Pop sticks and mini-whiteboards may seem unlikely agents of educational change, but for one Perth high school, they’re proving to be invaluable tools in turning around student results.
In a school where most students struggle academically and have trouble focusing in class, a new approach to teaching — known as explicit direct instruction (EDI) — has seen pass rates skyrocket, behaviour problems all but eradicated and students engaged in their studies for the first time.
Principal Mary Griffiths is delighted at the success of the approach, which is turning the school’s fortunes around.
“It’s just been incredible what a difference it’s made in every area of the school, we are just thrilled,” she said.
“Students are far more engaged, and also we’ve seen that their results have improved, which is what we’re after. It’s really made a huge difference.”
Turning around a struggling school
Armadale Senior High School bears the hallmarks of disadvantage.
Located in the heart of Perth’s south-eastern battler belt suburbs, it’s a school with historically poor NAPLAN results that’s struggled to attract bright and motivated students.
The Federal Government’s My School website ranks Armadale SHS students as below the national average in terms of socio-educational advantage — a measure that takes into account parents’ level of education, their occupation and socio-economic status.
Almost half of its students are at or below minimum national numeracy and literacy levels when they arrive at the school, with a significant proportion starting Year 7 barely able to read to the standard of an eight-year-old, and with similarly low maths results.
But since the school began its new focus on EDI earlier this year, with the help of education charity Fogarty Foundation and direct instruction expert Lorraine Hammond, things have begun to change dramatically.
The approach, based on research about brain function, relies on “small steps” teaching and active participation by students.
Teachers ensure students have understood each step of a concept before moving onto the next stage, and encourage students to write down new words and their meanings on mini whiteboards, which they can show to the class to demonstrate their understanding.
The highly structured lessons aim to imprint learning on students’ long-term memory, and both literacy and numeracy are incorporated into all learning areas.
Rather than relying on students to put up their hands to answer questions, pop sticks with students’ names written on them are drawn out of a bucket by the teacher — so anyone can be called on to answer a question at any time.
Students also repeat key words and definitions out loud together with the rest of the class.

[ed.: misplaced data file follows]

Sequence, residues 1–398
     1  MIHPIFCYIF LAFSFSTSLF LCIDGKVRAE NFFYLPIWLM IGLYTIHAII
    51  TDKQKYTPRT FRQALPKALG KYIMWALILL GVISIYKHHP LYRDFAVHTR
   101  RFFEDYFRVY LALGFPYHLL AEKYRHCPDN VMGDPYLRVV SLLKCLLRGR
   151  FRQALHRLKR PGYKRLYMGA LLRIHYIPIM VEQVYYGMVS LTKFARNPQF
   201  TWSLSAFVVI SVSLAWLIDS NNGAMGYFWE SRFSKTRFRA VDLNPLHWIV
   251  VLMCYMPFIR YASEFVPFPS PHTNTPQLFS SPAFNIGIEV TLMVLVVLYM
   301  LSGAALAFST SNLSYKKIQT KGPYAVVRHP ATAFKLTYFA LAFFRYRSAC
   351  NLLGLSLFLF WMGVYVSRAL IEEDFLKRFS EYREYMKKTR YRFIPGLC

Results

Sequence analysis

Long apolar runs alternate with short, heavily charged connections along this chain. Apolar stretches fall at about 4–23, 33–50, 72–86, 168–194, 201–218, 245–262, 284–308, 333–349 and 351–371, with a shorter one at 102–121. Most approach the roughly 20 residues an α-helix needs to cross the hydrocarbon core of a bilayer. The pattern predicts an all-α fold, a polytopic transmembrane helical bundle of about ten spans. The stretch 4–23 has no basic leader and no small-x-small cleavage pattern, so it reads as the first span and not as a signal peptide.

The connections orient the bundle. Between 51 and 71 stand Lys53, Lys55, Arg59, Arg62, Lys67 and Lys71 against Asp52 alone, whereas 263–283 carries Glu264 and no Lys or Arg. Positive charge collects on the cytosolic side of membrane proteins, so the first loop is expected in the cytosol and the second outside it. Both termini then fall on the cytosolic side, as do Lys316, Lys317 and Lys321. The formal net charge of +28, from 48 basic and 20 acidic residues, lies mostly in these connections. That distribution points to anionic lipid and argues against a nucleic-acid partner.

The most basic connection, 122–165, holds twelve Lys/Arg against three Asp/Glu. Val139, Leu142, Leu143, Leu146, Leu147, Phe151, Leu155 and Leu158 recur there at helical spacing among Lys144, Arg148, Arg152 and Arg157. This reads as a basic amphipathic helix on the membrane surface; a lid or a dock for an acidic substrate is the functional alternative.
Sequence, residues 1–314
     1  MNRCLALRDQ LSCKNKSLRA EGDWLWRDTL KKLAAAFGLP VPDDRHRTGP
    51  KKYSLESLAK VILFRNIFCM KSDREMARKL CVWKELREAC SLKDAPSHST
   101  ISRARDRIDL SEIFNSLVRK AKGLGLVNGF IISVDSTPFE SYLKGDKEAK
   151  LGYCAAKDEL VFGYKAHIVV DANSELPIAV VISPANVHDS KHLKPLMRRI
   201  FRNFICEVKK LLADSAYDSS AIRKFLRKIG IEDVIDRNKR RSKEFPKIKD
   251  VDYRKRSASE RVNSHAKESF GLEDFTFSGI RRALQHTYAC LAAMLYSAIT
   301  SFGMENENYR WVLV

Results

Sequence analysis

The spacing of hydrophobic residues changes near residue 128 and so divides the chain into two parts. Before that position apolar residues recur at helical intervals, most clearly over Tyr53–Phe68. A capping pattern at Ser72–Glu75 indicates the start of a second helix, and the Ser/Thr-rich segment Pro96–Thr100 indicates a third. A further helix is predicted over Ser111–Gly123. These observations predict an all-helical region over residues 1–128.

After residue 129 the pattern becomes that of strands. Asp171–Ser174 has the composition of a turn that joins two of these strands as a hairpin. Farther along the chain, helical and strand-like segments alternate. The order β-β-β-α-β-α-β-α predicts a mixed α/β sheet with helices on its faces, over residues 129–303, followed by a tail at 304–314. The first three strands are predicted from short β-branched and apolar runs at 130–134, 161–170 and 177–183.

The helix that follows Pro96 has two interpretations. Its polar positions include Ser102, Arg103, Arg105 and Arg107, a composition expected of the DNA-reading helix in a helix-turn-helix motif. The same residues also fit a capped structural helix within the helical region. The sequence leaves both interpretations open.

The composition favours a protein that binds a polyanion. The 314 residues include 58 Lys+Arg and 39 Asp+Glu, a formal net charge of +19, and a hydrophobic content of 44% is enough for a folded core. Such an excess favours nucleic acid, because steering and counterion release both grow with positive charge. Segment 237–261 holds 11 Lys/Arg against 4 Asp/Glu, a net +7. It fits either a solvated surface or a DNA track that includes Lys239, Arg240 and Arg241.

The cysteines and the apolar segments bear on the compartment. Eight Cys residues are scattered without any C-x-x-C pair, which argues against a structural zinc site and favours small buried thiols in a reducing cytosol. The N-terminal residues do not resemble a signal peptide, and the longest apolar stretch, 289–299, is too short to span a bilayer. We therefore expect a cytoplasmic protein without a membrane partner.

A remedy for bad behaviour
Science teacher Arnah Mallon has noticed immediate improvements.
“Without the EDI model, I found that my students were struggling with the work that I was giving them,” she said.
“There wasn’t enough practice for them to go through the examples that I wanted them to learn, so I was moving around the classroom a lot more, helping students individually, repeating myself 30 different times for the same question.”
Behaviour was also an issue, with disengaged students chatting and disrupting others.
“With explicit instruction we’re teaching them how to read, we’re teaching them literacy skills all embedded within the lesson,” Ms Mallon said.
“So even though I teach science, with the choral responses and the reading together, you’re building in that safety to encouraging students to give reading and comprehension a go.
“When they’re more engaged, they’re less likely to do other things, things like annoying the person next to them, or idle chat.”
‘I get it, I can do this now’
The results speak for themselves.
From a small handful of students achieving a pass rate in science, Ms Mallon now passes around 90 per cent of students.
Fellow teacher Rachel Flynn has seen similar results, with the median mark in her class now between 60 and 65 per cent or C-plus, a vast improvement from the D grade most students were getting at the start of the year.
“When students know the process and they can do something competently, they can do something proficiently, there’s a lot more enthusiasm in their learning, and the confidence comes through,” she said.
“They’ll say ‘I get it, I can do this now’.
“As a teacher, it’s reassuring, it’s nice to have that feedback.”
Students are also positive about the changes
“I feel like my grades are improved because I’ve grown much more close to the teachers and I’m listening to them more and we’re doing interesting things in class, and that catches our attention,” Year 7 student Teyahni Pringle said.
Deputy principal Marcus Gianatti said attendance levels had increased since the new approach was implemented and behaviour had improved.
“There isn’t time to misbehave, there isn’t time to have that conversation with a peer and be off task,” he said.
“The lesson’s so fast-paced, we’re checking for understanding repeatedly.
“Many students have had a sense of failure and they haven’t been able to achieve in a classroom environment, and they can see with EDI the success, the positive praise and the rewards that come from a sense of accomplishment and confidence,” he said.